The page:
The reason that I did not update my blog for a while is because I took Audrey on a whirlwind visit to London. Our four days there were packed — The Lion King, British Museum, dinner parties, shopping and best of all: time with friends. We stayed with my friends Hanan and Shamim, who were the warmest of hosts anyone could have. They are both foodies, and like mine, their two large refrigerators are always full. When it comes to eating, Hanan errs on the side of extravagance. The day we got there, they had a few friends over for dinner, but they prepared enough food to feed a battalion. Hanan was the first person to introduce me to Lebanese cuisine when we met 20 years ago. And how we met was an incredible story that I had shared in one of my earlier blogs. I was so happy to taste her lemony chicken with hummus, fried garlic and pine nuts again. And her flat bread sprinkled with ground thyme, sumac powder and sesame seeds was so delicious that I had to ask for the recipe. I will try to make the bread in the near future and share with you my result.
When Audrey told some of the crew members from London that she was going to visit their city for the first time, they asked her what she was going to see there. I was surprised to hear her answer. Other than London Bridge from the nursery rhyme, the only things she had heard of were London Eye, Top Shop and Primark. There is a Chinese proverb 读万卷书行万里路. It means traveling 10,000 miles is as good as reading 10,000 books. Our London trip has been eye opening for Audrey, who now remembers London as a historically rich, culturally vibrant city with some of the world’s best museums, theaters and restaurants.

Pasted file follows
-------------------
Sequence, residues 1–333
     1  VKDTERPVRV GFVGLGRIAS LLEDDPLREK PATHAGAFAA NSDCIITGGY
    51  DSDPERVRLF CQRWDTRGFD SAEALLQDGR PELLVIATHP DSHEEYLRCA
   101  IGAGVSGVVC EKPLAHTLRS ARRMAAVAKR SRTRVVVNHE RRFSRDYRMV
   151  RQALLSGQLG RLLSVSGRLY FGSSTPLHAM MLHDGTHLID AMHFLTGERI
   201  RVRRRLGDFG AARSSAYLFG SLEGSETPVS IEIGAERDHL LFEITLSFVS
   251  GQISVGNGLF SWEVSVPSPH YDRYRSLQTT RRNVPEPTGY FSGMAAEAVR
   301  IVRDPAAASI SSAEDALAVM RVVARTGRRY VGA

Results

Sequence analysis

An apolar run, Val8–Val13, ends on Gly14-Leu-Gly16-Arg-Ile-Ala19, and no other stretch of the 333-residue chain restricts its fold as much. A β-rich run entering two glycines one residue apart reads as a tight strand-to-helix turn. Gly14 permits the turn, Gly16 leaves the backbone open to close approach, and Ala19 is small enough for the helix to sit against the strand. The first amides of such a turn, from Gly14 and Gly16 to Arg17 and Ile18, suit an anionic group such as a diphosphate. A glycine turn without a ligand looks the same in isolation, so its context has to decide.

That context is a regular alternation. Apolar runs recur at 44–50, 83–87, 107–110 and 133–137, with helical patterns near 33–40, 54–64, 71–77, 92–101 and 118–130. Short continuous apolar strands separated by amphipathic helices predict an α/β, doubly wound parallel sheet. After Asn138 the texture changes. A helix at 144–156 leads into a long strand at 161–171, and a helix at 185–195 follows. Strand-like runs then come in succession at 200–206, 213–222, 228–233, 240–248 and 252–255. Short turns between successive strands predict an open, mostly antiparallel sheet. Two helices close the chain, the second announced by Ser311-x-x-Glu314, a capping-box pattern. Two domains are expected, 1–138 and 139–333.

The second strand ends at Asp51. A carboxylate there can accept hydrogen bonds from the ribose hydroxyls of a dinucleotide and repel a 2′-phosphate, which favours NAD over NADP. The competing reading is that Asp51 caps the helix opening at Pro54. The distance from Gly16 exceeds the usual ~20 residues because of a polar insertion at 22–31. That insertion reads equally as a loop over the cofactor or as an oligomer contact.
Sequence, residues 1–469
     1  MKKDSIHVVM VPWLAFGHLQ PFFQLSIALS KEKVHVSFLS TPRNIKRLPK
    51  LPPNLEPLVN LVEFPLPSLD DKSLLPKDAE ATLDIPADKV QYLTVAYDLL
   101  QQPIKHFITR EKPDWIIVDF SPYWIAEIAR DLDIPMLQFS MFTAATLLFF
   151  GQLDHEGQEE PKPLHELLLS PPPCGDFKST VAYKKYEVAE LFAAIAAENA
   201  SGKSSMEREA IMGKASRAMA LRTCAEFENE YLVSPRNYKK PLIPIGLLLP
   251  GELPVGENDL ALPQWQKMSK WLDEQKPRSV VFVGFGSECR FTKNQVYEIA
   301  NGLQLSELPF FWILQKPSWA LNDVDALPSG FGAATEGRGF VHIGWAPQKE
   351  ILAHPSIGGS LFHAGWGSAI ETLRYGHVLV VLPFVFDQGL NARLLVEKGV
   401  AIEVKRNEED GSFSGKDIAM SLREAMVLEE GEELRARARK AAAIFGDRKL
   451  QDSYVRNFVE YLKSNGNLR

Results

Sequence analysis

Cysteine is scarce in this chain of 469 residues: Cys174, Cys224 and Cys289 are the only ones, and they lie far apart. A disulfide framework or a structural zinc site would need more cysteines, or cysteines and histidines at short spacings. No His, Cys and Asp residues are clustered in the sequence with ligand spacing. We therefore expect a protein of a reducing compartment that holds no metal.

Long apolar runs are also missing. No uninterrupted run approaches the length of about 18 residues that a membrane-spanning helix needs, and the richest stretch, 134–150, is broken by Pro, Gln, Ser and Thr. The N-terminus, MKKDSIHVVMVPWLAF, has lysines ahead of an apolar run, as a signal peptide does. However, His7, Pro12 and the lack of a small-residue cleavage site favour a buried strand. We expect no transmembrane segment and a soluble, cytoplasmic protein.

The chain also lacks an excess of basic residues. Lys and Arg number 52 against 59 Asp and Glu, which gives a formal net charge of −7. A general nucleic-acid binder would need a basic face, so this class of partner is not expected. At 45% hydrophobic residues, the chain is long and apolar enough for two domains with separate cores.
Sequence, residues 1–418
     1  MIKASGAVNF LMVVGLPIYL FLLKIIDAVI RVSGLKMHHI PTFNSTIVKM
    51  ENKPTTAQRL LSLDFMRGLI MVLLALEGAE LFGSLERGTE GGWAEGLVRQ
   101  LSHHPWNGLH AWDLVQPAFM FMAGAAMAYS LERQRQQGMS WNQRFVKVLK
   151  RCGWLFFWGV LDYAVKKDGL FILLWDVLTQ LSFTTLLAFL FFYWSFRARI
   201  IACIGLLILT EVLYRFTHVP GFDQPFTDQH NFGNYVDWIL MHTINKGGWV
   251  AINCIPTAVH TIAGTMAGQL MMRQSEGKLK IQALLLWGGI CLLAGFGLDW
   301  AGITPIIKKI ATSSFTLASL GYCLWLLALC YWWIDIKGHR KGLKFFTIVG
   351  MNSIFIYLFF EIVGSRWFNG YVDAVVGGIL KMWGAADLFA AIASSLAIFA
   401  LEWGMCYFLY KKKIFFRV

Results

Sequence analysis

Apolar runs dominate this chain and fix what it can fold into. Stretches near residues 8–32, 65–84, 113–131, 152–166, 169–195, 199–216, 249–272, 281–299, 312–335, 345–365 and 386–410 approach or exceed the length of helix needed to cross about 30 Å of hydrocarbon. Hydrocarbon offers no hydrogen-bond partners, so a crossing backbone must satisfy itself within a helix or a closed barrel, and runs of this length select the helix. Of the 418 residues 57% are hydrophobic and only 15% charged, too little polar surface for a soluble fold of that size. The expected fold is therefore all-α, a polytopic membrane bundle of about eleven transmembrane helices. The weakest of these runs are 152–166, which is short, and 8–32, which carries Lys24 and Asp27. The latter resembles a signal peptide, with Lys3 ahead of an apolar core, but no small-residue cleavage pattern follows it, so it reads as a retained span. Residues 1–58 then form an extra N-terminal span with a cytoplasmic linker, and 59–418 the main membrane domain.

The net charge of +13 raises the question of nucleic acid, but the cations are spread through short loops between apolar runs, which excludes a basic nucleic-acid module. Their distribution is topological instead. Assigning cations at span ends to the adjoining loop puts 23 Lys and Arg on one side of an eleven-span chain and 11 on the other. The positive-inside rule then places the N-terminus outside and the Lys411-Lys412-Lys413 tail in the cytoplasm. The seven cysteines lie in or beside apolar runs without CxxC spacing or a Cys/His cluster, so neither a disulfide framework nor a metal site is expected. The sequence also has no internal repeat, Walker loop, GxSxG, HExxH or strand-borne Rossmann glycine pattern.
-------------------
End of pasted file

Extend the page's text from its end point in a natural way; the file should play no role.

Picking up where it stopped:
As Audrey and I walked across Waterloo Bridge, I told Audrey about how the film Waterloo Bridge starring Robert Taylor and Vivien Leigh was one of the two Hollywood films that I had seen before I left China in 1981. In my teen mind, the black and white bridge in the fog was the most romantic place on earth. In those days, Chinese films were made exclusively as Communist propaganda, but before a film went into production, the director could request to watch “foreign reference films” that were strictly forbidden for the general public. Those discretionary screenings were the most coveted privileges in the film industry reserved for the few top department heads and lead actors. The only other Hollywood film that I had seen was Julian from Lilian Hellman’s book Pentimento. Many of the films I saw since then have faded from my memory — sometimes as soon as I left the theater, but those two films from so long ago have been branded in my mind’s eye. They had been the oasis of my cultural desert.
I caught a cold on the second day there when Audrey and I went on the London Eye. I have since lost my voice. I hope that my voice will return by tomorrow when I get to the set.